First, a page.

MRR: So, you think it's possible for someone to be able to get scores that you get and do the things that you do without having a million dollar studio?
Mark Mothersbaugh: Well, of course everything is possible and more so now than ever. I think it's also changing constantly. I mean already it's kind of a liability to own a studio. It's a liability to own a facility because so many people can write music anywhere. You can sit in traffic and pull out your iPad and start writing some music while you're waiting for the light to change. It's so transparent now. It doesn't really require a studio and all that stuff. I mean I have this place 'cause it's my private studio and I moved here a long time ago. And so I'm comfortable here. But, I think being a film composer in five years will not resemble what I do now. I think it'll be much different. And as far as somebody, if they really think that's what they really, really, really, really, really, really, really, really, really, really, really, wanna do, I have one suggestion I would make. I could probably have two, but the one that I think is really the best one is I would, instead of thinking, "Oh, I'm gonna go to Hollywood and make a film.", I would go to the local college, local schools, where there's people making movies, directing a movie. And maybe those movies aren't gonna be that great. Maybe they're gonna be very, very low budget, a shoestring at best, and maybe you won't even get paid. But, let it be known that you're available for free, or you're available cheap and you just wanna score a film for them.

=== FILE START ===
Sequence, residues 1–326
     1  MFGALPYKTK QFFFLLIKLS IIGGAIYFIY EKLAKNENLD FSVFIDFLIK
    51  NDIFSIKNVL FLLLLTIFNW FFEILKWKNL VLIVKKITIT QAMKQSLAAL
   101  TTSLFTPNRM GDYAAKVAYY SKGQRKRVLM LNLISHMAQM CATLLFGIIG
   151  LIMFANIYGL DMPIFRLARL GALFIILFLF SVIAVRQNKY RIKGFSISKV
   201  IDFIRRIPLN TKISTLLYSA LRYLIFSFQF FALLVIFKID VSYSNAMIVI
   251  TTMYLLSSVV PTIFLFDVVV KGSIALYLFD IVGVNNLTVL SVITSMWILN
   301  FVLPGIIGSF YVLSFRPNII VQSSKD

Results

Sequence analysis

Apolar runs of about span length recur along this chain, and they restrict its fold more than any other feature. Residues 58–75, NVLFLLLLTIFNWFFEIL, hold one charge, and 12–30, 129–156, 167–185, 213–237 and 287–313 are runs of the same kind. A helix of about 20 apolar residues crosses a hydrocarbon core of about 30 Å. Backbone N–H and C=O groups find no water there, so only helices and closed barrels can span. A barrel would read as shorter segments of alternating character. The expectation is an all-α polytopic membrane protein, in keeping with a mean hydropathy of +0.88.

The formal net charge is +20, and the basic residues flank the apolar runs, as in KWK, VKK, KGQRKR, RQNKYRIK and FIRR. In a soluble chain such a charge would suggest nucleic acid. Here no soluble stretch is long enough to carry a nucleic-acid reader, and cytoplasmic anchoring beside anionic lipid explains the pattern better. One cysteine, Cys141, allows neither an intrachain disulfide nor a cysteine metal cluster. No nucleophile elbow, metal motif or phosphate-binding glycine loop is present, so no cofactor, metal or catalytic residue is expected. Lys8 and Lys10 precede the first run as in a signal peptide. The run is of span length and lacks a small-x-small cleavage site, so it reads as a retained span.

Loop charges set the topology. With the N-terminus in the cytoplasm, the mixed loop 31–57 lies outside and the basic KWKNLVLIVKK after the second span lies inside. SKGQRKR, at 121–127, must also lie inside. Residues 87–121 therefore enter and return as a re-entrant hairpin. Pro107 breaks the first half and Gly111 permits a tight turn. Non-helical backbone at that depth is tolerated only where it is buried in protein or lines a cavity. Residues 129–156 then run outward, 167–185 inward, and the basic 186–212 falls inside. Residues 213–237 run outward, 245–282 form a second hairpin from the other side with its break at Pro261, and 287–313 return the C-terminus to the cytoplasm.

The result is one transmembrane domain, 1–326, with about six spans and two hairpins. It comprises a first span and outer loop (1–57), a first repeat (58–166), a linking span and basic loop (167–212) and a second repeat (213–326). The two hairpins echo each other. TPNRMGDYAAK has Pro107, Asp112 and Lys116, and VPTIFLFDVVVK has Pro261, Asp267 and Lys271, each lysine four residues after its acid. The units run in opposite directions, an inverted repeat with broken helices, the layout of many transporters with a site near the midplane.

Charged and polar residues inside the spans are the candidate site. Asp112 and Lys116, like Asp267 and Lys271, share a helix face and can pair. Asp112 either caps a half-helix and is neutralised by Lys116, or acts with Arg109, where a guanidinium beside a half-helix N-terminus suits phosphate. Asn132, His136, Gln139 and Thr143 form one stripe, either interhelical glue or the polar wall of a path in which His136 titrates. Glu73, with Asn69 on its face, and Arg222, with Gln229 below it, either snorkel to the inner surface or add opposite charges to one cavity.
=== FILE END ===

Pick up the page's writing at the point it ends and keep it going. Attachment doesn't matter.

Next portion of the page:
And then when somebody gives you a film, just make sure that you write something that is so good that no matter how bad the film is or how many things are wrong with the film, how flawed it is because it's people learning how to make a film, maybe if it never even goes out into a general release, maybe it's just good enough to get into a festival or something, make your music so good that people go, "Yeah, the film was alright, but did you hear the music? The music was incredible.". Just do something like that. Do something really great and put all your energy and everything you have into it, and make it something great. And that is to me a much better way to go than to like drive out to California and then advertise yourself as an unknown entity because there's too many people out here already.
MRR: Well, thank you so much, Mark. I really appreciate it and it was such a pleasure talking with you, man. I can't even tell you.
Mark Mothersbaugh: Thank you.